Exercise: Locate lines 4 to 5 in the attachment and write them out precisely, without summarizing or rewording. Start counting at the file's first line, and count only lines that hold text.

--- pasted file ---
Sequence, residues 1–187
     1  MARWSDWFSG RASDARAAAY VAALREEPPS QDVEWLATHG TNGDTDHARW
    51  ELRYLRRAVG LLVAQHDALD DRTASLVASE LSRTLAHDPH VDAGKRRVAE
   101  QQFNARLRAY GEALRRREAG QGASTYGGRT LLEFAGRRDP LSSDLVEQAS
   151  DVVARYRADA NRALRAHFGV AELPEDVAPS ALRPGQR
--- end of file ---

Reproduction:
   101  QQFNARLRAY GEALRRREAG QGASTYGGRT LLEFAGRRDP LSSDLVEQAS
   151  DVVARYRADA NRALRAHFGV AELPEDVAPS ALRPGQR